Japanese spacecraft's gifts: Asteroid chips like charcoal

TOKYO (AP) - They resemble small fragments of charcoal, but the soil samples collected from an asteroid and brought back to Earth by a Japanese spaceship were hardly disappointing.
The samples from Japanese space officials described on Thursday are 1 centimeter tall and rock hard. They won't break if picked up or poured into another container. Smaller black, sandy grains that the spaceship collected and returned separately were described last week.
The Hayabusa2 spacecraft received the two sets of samples last year from two locations on the asteroid Ryugu, more than 300 million kilometers from Earth. They fell from space on a target in the Australian outback, and the samples were brought to Japan in early December.
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The sandy granules that the Japan Aerospace Exploration Agency described last week came from the spacecraft's first landing in April 2019.
The larger fragments came from the compartment reserved for the second touchdown on Ryugu, said Tomohiro Usui, a space materials scientist.
To get the second set of samples last July, Hayabusa2 dropped an impactor that blasted below the asteroid's surface and collected material from the craftsman so it would not be affected by space radiation and other environmental factors.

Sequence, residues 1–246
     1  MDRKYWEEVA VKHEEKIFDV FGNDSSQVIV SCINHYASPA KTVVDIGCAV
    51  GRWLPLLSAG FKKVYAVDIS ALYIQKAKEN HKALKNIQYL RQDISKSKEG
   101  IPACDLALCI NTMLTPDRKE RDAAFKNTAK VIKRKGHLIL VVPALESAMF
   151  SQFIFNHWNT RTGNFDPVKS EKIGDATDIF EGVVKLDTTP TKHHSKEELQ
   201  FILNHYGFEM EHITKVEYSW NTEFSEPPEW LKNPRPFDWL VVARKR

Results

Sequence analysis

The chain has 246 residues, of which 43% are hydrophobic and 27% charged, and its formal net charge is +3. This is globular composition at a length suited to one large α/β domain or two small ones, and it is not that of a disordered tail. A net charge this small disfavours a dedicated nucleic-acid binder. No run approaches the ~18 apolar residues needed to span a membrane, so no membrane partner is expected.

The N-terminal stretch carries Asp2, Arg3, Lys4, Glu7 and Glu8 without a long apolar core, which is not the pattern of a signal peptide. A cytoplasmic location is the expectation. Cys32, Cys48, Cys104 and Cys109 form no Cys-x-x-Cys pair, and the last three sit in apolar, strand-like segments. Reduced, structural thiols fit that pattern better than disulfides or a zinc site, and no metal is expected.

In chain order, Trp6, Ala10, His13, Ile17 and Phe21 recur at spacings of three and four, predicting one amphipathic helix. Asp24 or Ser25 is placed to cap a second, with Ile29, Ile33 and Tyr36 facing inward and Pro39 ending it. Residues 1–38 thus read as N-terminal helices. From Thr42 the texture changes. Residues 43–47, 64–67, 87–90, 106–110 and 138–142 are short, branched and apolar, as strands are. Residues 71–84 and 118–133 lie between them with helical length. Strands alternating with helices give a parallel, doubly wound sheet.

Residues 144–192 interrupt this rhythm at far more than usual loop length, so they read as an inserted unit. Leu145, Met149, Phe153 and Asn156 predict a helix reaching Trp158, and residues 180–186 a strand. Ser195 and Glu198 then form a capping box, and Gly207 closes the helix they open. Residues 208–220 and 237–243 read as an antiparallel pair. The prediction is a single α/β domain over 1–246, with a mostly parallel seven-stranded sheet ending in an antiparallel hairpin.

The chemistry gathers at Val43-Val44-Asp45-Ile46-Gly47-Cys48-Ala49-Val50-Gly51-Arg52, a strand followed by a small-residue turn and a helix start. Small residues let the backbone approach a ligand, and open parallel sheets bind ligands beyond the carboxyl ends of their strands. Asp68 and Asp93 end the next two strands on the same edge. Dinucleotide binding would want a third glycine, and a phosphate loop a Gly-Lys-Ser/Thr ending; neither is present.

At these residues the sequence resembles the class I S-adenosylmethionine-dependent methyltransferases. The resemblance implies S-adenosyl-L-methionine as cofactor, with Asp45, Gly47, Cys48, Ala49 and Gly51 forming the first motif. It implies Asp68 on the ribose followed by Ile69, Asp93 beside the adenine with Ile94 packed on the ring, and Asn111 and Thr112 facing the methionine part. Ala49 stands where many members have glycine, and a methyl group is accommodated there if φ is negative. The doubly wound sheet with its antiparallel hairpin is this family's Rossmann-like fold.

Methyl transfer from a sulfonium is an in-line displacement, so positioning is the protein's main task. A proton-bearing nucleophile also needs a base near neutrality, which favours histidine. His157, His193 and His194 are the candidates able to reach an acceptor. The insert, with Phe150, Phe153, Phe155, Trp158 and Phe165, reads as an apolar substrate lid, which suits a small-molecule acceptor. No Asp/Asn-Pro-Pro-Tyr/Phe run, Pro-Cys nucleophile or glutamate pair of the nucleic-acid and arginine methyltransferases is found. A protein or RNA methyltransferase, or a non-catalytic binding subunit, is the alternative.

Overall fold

Usui said the size differences suggest different bedrock hardnesses on the asteroid. "One possibility is that the location of the second touch was a hard bedrock and larger particles broke and got into the compartment."
JAXA is continuing the initial survey of the asteroid samples before carrying out more extensive studies over the next year. Scientists hope the samples will provide insight into the origins of the solar system and life on earth. After studies in Japan, some of the samples will be shared with NASA and other international space agencies for additional research.
Hayabusa2, meanwhile, is on an 11-year expedition to another small and distant asteroid, 1998KY26, to try to investigate possible defenses against meteorites that could fly towards Earth.
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Follow Mari Yamaguchi on Twitter at https://www.twitter.com/mariyamaguchi

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